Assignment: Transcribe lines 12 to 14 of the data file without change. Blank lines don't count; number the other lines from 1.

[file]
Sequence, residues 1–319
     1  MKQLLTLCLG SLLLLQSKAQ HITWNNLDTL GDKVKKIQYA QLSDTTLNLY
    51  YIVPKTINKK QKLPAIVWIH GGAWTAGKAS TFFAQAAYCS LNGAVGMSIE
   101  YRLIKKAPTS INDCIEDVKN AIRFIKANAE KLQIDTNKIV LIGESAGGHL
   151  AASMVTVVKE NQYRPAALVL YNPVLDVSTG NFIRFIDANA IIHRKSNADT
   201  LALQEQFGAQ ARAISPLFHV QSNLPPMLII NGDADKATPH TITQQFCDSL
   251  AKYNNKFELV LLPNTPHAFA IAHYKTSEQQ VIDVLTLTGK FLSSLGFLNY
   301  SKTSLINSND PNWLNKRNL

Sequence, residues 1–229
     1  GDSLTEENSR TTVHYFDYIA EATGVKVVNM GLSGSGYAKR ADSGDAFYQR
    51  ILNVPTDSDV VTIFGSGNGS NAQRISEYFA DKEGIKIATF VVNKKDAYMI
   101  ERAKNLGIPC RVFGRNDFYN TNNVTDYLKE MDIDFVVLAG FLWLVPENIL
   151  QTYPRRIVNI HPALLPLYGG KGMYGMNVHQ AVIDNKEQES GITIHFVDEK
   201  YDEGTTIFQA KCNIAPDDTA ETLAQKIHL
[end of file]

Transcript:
   101  ERAKNLGIPC RVFGRNDFYN TNNVTDYLKE MDIDFVVLAG FLWLVPENIL
   151  QTYPRRIVNI HPALLPLYGG KGMYGMNVHQ AVIDNKEQES GITIHFVDEK
   201  YDEGTTIFQA KCNIAPDDTA ETLAQKIHL